what we think

Purchasing Colonial Religious Property in China

19 April 2011

Recently, one of our clients consulted us on the purchase of an old house located in Shanghai. After investigating its ownership, we found that the house was in fact an old colonial property belonging to a catholic group. As a result, we had to advise our client that under present PRC laws and practices, it is extremely difficult to purchase such a colonial religious real estate property.

History of Colonial Religious Property

During the boom times of the 1920s and 1930s, France, Britain and other countries built many foreign-style houses, gardens and churches in Shanghai, mainly in the area that is now known as the French Concession. A large number of these properties belonged to foreign religious groups. According to the law of that time, foreign religious groups obtained ownership of these properties upon their completion.

Change of Ownership

After the foundation of the People’s Republic of China in 1949, the Central People’s Government promulgated the Regulations on the Registration of Cultural, Educational and Remedial Institutions and Religious Groups that Act as Foreign Subsidiaries and Are Operated by Foreign Funds (1950) to regulate and control religious groups and their property. As a result, religious groups in China that were initially formed as branches of foreign groups decided to severe their relationships with the foreign parent companies, and gradually they came under the control of the people’s government. Their property was requisitioned from the foreign groups and transferred to them in the 1950s.

However during the period of Cultural Revolution, property owned by religious groups was either destroyed or “taken” back by the local government for other use (such as residential use). Only in the 1980s, the Central People’s Government rectified this situation in the Report on Enforcing Matters concerning the Real Estate Policies on Religious Groups (1980): property rights to the houses were to be returned to the religious groups that previously owned them. If a property has already been rented out by the local real estate administration, the latter would have to find a solution, but to ensure that any rents paid to the religious groups would be fair, these rents were to be based on the standards set before the Cultural Revolution.

In December 1985, the Central Committee of China’s Communist Party promulgated the Investigation Report on Enforcing the Religious Policies of China Communist Party and Related Issues, re-affirming that religious groups have the right to manage and use their churches, temples and houses.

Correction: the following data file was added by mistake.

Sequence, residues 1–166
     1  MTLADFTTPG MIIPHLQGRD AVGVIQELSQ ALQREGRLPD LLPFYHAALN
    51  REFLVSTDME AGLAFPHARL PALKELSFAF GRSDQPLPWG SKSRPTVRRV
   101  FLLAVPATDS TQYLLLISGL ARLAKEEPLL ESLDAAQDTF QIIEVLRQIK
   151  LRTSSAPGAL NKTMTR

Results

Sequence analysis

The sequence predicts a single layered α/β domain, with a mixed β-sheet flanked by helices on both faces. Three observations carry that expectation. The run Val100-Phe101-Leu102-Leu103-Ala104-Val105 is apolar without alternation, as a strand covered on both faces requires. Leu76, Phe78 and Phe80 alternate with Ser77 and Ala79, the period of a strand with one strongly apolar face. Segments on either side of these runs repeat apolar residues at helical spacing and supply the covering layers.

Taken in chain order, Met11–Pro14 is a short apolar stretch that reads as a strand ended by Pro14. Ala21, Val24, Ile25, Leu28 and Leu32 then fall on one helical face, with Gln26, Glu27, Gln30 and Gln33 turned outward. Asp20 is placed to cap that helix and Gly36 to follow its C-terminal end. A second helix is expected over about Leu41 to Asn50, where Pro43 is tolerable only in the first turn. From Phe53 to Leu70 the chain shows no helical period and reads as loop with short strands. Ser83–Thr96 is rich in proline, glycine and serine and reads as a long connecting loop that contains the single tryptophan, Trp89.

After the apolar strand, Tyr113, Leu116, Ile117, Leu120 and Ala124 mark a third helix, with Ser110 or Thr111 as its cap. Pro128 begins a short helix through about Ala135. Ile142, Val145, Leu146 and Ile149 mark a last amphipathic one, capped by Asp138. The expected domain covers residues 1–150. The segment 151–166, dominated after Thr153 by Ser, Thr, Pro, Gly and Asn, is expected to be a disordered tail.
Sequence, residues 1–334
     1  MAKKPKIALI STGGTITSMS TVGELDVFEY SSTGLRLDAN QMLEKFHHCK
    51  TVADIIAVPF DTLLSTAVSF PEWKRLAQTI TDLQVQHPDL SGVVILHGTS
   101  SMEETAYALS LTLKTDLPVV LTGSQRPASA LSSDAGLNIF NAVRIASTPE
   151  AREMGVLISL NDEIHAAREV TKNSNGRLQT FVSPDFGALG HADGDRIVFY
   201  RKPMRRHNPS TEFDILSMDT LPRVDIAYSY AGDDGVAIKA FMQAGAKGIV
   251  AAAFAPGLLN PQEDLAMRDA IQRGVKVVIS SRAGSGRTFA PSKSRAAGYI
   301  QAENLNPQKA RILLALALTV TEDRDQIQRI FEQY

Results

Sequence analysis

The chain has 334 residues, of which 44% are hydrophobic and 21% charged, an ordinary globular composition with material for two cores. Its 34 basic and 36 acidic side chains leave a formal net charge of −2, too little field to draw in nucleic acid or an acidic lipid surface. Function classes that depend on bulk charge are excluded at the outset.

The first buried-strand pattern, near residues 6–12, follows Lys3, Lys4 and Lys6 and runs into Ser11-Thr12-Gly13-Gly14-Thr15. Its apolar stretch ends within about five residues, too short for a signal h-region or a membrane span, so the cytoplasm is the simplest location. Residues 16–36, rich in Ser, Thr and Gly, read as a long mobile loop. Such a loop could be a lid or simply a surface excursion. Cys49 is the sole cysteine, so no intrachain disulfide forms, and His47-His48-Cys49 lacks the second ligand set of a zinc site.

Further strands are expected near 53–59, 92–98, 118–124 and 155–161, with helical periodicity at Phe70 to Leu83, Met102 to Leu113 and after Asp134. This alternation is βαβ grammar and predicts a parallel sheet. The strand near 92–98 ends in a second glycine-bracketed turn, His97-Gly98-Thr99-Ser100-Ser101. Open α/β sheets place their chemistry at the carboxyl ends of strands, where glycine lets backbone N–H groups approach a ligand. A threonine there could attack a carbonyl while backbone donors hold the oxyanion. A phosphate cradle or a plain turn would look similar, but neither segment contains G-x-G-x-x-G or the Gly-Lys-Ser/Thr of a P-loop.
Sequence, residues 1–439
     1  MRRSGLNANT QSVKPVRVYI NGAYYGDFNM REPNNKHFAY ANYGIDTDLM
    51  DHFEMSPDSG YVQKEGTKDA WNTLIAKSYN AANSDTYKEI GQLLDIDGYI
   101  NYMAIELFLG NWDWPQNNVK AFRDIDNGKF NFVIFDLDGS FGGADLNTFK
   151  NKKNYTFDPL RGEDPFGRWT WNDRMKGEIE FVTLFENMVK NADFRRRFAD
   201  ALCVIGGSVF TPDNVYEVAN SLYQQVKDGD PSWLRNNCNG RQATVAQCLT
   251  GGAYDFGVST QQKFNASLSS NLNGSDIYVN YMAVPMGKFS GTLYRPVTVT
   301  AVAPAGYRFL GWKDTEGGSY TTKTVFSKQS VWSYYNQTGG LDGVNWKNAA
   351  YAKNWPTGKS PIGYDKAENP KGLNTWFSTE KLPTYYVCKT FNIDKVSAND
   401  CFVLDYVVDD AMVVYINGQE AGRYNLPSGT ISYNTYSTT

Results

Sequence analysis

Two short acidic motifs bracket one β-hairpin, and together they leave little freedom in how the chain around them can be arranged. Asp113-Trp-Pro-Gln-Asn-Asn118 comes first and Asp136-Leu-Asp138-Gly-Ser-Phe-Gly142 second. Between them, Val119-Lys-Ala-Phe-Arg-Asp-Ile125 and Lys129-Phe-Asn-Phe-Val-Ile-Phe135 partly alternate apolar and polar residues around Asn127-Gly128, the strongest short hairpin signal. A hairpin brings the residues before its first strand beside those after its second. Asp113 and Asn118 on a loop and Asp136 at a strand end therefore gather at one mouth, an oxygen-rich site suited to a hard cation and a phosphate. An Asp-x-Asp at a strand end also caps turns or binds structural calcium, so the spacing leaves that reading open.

In the promulgated rules however, neither the Central People’s Government nor the Central Committee of China’s Communist Party formally accepted the property ownership of religious groups, instead using the words “property rights” or “right to manage or use the house”. This was consistent with other rules: there was no concept of personal ownership over real property at that time, with land in urban areas owned either by the State or Collectives.

To meet the needs of the market economy and protect private property owned by individuals and private entities, the National People’s Congress adopted the General Principles of the Civil Law in 1986. Article 77 of this law states that “the lawful property of social groups, including religious groups, shall be protected by law”. Unfortunately, this only establishes that the lawful property of religious groups is protected by law, without answering the question of ownership (i.e. who owns the property?). No further laws or regulations have since been promulgated to clarify the ownership of property by religious groups.


Without any specific law in China granting “ownership” to religious groups of property controlled by religious groups, the sale of such property remains problematic. One view is that religious groups should be regarded as non-profit legal persons funded by social donations or public finance, in which case their property is co-owned by the whole society but under the management of religious groups. If so, religious groups may use their “property rights” only for religious activities or other non-profit purposes, and cannot sell their property.

We confirmed this opinion with Professor Jin Keke, a wellknown jurist teaching Property Law at the East China University of Politics and Law: in his opinion, there is no legal basis for ownership rights of religious groups in China at this moment, and therefore the sale of religious property, especially large property such as real estate, is restricted.
Foreign and Chinese individuals and companies that wish to purchase a colonial property in Shanghai are forewarned.